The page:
The University of Sheffield
Department of Computer Science

COM2109 Automata, Computation and Complexity

Summary

This module introduces the theoretical foundations for computing systems: finite state machines, pushdown automata, and Turing machines, along with the formal languages that can be recognised by these machine models.

It also deals with the question "What is computable?" and "What is efficiently computable?" by showing when problems are computationally hard, and how to find algorithmic solutions to computationally hard problems.

Session Academic Year 2021/22
Credits 20
Assessment

Autumn

  • Quizzes - threshold
  • Grading exam

Spring

  • Quizzes - threshold
  • Grading exam
Lecturer(s) Dr Kirill Bogdanov, Prof. Rob Hierons & Dr Christian Coester
Resources
Aims

This unit aims to:

  1. Introduce machine models (i.e. models of computation) and the corresponding notions of formal languages;
  2. Introduce complexity theory and algorithmic solutions to computationally hard problems;
  3. Enhance analytical and logical skills in reasoning abstractly (about computation and complexity);
  4. Teach the foundations of theoretical computer science, providing a thorough grounding for theoretical courses at more advanced levels.
Objectives

By the end of the unit, a candidate will be able to:

  1. Use different machine models and the formal languages they are able to recognise as well as be able to reason about the computational limitations of different machines (aims 1 and 3);
  2. Show that a problem is computationally easy or hard (aims 2 and 3);
  3. Provide algorithmic solutions for computationally hard problems (aims 2 and 3);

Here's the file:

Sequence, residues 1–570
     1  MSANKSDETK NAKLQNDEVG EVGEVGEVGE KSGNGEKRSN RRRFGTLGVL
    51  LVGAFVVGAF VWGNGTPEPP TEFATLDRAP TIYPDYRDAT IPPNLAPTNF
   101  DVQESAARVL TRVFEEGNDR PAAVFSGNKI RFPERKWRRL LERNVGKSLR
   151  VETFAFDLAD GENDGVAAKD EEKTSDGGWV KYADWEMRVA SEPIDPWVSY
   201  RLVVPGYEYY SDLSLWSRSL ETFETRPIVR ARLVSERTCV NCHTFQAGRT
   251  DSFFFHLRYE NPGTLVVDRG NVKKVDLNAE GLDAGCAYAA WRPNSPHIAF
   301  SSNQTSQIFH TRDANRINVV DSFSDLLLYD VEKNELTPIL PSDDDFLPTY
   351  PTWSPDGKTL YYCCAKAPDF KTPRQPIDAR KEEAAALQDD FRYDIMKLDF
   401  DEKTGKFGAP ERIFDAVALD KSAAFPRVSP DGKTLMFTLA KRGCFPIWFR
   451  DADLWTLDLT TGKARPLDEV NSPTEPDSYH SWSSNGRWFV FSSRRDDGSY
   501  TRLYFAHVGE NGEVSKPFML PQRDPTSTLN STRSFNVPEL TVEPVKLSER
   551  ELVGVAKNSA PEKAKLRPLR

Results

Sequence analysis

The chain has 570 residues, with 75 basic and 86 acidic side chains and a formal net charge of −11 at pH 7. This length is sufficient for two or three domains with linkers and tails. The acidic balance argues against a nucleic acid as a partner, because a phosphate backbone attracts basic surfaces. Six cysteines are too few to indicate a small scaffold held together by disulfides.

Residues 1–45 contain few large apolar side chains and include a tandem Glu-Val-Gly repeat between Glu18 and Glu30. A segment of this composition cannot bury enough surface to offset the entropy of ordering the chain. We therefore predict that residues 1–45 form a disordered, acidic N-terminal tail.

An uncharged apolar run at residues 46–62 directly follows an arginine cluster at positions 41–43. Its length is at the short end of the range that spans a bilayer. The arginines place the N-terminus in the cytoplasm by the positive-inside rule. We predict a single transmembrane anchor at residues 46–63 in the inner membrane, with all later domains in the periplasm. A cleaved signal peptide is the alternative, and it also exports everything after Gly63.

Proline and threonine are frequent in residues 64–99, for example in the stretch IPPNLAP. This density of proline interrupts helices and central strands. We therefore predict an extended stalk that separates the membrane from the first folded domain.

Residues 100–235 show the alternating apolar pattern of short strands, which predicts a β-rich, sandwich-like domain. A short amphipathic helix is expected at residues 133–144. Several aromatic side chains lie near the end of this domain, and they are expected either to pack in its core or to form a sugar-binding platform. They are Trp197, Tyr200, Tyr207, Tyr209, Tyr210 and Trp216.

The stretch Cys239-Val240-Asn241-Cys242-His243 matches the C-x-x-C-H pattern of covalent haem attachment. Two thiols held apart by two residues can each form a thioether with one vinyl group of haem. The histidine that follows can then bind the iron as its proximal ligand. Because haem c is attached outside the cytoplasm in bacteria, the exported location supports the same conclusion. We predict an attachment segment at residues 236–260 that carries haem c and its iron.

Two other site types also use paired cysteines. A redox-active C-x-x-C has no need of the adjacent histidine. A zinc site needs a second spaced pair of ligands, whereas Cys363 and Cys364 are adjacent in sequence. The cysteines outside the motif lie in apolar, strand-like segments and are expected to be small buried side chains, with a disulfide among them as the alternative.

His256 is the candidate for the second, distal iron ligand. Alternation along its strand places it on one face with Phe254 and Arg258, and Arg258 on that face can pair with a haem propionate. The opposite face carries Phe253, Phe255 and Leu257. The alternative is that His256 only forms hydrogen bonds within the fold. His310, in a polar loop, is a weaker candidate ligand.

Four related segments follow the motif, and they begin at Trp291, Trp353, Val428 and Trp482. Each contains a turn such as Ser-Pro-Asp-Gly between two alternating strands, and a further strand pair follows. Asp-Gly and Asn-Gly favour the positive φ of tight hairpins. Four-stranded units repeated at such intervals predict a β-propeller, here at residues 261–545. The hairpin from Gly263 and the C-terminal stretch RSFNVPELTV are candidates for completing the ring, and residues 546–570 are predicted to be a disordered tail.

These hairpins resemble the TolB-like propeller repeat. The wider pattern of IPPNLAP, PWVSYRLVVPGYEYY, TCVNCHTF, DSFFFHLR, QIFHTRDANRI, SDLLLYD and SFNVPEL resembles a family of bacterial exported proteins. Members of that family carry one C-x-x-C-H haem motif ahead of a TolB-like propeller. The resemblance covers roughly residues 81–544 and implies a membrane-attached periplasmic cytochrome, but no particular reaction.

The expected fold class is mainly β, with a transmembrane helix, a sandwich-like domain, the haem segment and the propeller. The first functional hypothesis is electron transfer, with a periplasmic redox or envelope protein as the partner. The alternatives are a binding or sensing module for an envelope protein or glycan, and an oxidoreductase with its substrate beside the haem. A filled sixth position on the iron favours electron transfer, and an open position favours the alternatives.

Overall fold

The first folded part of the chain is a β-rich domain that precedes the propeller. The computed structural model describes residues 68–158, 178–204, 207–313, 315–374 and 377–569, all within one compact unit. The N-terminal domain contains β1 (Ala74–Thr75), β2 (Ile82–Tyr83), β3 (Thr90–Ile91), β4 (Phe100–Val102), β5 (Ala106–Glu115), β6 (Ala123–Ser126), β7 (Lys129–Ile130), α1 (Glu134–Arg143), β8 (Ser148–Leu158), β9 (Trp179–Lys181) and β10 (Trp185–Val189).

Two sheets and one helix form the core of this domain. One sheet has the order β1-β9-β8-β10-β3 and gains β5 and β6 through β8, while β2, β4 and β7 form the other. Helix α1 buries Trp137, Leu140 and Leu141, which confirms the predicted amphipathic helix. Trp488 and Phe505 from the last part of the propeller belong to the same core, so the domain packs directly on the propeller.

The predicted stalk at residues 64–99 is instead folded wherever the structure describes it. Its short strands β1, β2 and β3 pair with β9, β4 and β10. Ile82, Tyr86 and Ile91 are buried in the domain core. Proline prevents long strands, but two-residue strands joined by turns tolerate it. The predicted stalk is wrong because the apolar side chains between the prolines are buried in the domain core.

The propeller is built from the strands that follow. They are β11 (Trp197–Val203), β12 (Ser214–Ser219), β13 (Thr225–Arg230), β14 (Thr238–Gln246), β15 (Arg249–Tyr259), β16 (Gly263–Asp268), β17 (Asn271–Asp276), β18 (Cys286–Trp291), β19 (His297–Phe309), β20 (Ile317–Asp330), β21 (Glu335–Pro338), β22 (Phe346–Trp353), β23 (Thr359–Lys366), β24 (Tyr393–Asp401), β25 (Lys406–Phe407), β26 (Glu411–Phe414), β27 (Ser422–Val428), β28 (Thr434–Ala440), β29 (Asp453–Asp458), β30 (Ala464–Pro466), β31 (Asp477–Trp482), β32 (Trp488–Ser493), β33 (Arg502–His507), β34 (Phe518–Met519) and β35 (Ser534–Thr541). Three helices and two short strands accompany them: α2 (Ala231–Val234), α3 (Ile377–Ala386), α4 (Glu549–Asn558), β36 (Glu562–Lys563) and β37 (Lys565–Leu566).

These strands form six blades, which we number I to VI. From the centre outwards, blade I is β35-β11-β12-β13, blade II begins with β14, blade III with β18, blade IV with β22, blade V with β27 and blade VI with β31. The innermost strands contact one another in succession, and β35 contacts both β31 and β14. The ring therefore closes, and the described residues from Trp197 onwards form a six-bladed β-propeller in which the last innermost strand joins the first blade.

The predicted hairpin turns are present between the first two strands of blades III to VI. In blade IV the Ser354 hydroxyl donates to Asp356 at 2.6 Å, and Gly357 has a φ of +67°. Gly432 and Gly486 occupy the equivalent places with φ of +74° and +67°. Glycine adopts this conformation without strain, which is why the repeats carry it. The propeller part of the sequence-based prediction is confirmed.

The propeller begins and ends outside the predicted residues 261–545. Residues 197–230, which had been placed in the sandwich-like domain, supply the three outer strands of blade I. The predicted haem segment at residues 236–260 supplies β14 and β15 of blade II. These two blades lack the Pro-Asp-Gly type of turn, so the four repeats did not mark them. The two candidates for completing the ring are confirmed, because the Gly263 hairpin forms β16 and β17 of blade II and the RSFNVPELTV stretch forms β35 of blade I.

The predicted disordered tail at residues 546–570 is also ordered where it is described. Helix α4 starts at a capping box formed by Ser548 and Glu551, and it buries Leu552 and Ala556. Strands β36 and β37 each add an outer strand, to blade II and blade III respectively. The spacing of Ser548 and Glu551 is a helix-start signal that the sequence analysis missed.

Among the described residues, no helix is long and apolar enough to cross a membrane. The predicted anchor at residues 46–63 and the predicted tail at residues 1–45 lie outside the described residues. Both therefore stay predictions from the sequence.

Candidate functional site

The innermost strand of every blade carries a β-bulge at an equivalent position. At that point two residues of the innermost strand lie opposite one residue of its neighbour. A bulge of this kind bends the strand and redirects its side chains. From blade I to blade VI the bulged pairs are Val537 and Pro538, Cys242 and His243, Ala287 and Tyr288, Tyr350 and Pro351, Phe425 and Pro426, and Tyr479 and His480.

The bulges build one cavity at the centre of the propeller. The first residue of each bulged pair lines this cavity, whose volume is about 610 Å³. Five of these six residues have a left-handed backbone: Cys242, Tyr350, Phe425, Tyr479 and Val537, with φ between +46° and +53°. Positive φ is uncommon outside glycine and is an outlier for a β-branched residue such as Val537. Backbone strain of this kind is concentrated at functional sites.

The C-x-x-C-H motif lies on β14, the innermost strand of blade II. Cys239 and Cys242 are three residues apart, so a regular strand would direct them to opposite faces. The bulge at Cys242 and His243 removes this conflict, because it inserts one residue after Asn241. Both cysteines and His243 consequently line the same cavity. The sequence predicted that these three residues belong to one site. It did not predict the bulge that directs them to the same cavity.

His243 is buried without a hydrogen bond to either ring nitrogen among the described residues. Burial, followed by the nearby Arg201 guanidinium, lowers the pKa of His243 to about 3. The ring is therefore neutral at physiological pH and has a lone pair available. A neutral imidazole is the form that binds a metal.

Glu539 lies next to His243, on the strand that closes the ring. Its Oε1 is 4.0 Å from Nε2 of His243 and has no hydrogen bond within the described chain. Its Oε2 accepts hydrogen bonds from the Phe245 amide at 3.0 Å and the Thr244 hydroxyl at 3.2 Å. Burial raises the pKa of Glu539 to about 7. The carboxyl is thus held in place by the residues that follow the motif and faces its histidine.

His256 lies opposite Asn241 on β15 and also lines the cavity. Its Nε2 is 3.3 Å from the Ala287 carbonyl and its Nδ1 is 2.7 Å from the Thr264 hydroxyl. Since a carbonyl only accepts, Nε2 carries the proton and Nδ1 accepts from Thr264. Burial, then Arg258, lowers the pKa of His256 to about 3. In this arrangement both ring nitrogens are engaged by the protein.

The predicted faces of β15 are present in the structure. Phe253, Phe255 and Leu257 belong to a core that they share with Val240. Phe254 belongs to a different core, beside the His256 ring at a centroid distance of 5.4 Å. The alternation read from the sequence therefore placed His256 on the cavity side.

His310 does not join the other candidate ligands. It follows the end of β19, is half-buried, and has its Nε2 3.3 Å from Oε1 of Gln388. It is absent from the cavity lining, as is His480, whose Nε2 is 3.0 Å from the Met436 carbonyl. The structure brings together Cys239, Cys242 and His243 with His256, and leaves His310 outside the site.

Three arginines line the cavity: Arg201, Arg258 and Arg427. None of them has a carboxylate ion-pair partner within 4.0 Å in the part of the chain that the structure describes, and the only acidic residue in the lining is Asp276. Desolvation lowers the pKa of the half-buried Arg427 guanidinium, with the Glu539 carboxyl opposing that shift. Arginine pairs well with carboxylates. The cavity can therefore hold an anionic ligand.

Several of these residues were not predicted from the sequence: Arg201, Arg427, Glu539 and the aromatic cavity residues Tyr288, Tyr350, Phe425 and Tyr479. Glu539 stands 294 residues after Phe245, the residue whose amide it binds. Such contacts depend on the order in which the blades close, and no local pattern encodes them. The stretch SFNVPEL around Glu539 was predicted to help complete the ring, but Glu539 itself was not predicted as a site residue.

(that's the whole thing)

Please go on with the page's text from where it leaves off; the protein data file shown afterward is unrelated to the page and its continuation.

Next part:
4. Explain the foundations of automata and language theory, computability, and complexity (aims 1-4).
Content

Automata Theory (Semester 1)

  • finite automata and regular languages
  • pushdown automata and context free languages
  • Turing machines and decidability

Computation and Complexity (Semester 2)

Computational Complexity: P and NP

  • Reductions and Rice's Theorem
  • P vs. NP, NP-completeness, Cook's theorem
  • Techniques for proving NP-hardness

Algorithm Design Techniques:

  • Branch-and-bound
  • Dynamic Programming
  • Network flows

Approximation Algorithms:

  • Examples for approximation algorithms
  • Polynomial-time approximation schemes
  • Hardness results for approximation

Randomization:

  • Examples for randomized algorithms
  • Probabilistic complexity classes
Teaching Method

The theoretical background and techniques will be presented in a series of formal lectures, 2 lectures per week. Students will reinforce the material through self-study, and through weekly problems classes where students will apply analytical skills obtained in class. Both lectures and problem classes are designed to achieve objectives 1-4.

Feedback Feedback on tutorial exercises.
Recommended Reading
  • Dexter C. Kozen. "Automata and Computability" Springer, 1997
  • B. Barak and S. Arora “Computational Complexity: A Modern Approach”. Cambridge University Press, 2009
  • J. Kleinberg and E. Tardos. "Algorithm Design". Addison Wesley, 2005.